To be an Effective Manager and achieve things through other people, delegation should be used.
We discussed Delegation in previous lessons.
The definition of Delegation is assigning tasks to other people while still being held accountable for them. The most important thing is to know who to delegate to, what task to give them, and when to delegate.
This is not an easy skill to master, but done properly it gives team members some responsibility and motivation and even perhaps a taste of leadership.
Often managers don’t delegate because they believe it will be quicker to do the job themselves than to delegate. They are correct, especially the first time a task is delegated, because before a task is given to someone else, they have to know exactly what needs to be accomplished, and how. If you are completing a task yourself you can use your judgement as the work progresses. But once a task is delegated, specific instructions are needed. So the manager has to explain the task, allow their employee to perform it , check it , offer feedback , allow it to be corrected , check it again ……. Definitely quicker to do it yourself!
But if a manager doesn’t delegate, they do not allow staff to develop their skills. Good delegation will eventually pay off and save time in the long run, develop staff, groom successors, and motivate the team. It provides cover for annual leave, maternity leave, and sickness and will eventually free up management time.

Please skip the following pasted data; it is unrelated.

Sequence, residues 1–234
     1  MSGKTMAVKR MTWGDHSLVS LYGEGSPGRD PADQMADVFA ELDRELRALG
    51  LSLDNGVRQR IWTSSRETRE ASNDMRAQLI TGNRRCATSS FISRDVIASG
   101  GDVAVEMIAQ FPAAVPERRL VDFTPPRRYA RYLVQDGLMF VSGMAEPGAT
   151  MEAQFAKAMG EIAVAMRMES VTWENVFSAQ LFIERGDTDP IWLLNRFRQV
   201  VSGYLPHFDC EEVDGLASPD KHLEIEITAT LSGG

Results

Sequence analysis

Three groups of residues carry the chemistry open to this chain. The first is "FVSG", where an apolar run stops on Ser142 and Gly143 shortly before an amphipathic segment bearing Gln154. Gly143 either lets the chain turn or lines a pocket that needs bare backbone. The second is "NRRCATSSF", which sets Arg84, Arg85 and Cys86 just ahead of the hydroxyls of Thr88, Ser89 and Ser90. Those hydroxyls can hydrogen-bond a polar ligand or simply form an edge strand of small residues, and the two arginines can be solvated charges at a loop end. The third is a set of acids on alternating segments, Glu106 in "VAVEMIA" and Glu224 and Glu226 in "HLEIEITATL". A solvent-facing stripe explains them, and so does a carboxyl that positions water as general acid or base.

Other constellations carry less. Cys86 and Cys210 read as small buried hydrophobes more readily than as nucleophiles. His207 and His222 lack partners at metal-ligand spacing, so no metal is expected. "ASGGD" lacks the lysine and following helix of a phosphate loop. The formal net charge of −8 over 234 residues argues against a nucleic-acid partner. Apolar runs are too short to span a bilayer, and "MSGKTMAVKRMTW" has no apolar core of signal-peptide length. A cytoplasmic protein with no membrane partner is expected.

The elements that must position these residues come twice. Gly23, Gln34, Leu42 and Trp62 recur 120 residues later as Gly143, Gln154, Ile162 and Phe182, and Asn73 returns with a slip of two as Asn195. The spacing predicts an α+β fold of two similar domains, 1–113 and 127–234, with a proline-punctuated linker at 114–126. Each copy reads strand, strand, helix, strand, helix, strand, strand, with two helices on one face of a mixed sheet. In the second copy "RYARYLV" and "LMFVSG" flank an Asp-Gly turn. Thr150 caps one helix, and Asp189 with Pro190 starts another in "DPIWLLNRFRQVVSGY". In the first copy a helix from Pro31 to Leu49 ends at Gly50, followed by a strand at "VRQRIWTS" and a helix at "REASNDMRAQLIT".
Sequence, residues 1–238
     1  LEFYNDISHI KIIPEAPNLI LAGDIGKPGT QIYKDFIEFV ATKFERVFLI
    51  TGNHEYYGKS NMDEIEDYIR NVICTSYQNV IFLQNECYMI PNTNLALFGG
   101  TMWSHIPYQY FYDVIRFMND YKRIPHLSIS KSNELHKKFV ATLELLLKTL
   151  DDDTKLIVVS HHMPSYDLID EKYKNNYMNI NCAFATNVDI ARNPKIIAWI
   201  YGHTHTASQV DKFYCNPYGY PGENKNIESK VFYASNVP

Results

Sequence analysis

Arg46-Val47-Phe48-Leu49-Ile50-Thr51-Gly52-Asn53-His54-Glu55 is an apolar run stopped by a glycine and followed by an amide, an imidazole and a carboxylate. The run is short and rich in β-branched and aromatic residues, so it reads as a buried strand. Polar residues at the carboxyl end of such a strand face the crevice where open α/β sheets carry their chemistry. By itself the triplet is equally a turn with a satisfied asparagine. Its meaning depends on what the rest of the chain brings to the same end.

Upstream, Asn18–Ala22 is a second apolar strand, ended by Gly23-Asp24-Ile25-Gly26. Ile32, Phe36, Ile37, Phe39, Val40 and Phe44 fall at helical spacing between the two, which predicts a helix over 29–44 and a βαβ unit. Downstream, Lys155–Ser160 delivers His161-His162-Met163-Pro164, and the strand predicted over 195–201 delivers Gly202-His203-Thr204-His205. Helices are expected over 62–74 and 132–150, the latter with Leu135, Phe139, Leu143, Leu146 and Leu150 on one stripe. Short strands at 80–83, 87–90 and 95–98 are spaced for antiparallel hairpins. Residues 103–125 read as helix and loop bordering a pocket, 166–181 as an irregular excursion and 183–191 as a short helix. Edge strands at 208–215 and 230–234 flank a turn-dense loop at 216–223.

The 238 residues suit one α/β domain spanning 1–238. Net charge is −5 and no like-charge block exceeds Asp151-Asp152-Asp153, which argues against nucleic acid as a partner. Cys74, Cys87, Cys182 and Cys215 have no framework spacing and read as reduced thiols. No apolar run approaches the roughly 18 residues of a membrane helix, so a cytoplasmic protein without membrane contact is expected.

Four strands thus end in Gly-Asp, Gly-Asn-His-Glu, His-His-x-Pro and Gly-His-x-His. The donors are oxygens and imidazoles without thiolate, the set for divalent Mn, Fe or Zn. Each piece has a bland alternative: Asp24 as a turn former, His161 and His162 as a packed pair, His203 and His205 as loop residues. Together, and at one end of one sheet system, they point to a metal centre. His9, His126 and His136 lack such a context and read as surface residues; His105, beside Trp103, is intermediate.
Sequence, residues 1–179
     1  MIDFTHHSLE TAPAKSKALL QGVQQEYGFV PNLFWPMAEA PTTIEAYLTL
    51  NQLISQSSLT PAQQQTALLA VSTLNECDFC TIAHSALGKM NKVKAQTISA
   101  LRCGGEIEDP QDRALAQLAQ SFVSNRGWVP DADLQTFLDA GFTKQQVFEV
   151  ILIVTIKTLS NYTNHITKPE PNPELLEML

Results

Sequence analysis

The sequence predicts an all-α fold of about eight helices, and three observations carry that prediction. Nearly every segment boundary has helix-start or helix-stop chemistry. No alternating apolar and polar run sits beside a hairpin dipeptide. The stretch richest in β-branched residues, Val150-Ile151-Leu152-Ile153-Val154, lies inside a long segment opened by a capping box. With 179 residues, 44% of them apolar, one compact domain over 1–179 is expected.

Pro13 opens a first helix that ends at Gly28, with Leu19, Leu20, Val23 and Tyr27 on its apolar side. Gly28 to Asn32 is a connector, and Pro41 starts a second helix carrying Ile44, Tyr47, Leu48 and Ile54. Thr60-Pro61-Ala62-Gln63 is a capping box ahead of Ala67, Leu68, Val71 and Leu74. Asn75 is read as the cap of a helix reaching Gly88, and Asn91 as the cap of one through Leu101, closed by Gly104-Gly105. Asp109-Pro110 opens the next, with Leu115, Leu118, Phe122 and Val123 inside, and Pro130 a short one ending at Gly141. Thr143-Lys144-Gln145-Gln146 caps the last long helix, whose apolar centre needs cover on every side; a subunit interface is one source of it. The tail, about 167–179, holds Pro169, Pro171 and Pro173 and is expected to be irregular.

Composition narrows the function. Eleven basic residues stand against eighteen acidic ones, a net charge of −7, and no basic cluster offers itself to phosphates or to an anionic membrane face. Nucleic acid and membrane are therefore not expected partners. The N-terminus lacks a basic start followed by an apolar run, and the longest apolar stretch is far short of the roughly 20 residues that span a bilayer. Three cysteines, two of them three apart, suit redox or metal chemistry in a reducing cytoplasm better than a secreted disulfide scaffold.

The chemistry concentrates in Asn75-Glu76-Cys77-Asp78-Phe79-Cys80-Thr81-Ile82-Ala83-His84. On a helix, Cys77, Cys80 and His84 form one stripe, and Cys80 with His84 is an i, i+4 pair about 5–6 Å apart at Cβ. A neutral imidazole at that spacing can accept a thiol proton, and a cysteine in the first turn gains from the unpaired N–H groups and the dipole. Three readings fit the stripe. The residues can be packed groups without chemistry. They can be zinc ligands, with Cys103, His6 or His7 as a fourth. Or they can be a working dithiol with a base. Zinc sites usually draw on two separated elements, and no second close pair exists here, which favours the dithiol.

But poor delegation will cause difficulties, demotivate staff, and the task itself may not be achieved. So it is important to delegate well and carefully.
The first issue is to select the right time to delegate. This is not when the manager is busy and needs to get some help, but when they have time to invest in teaching the work to others, and are not up against a deadline that won’t allow for mistakes to be made and then corrected.
Then suitable tasks should be selected, and given to the most appropriate member of staff, who has the time and ability to learn the task
Transferring authority and responsibility
According to the theory of management, authority and responsibility are inseparable There is no authority without responsibility .Delegating to staff means that although you don’t complete the task yourself you do maintain responsibility, so you must ensure the best results are achieved.
There are different levels of delegation, involving the amount of discretion the manager gives to the employee, and how much supervision is given during the task. They range from asking the employee to look into a task and report back their findings, coming up with suggestions for the manager’s endorsement, proposing action, all the way to taking action on their own initiative and reporting back to the manager later.
There is a wide spectrum of authority and responsibility involved in delegation. You may delegate small tasks for which you maintain authority and responsibility, or if you are authorised to, you may completely hand over tasks, with authority and responsibility for them. In effect in this case you delegate part of your job, and will formally change your employee’s job role, giving them complete responsibility to manage a section of your department.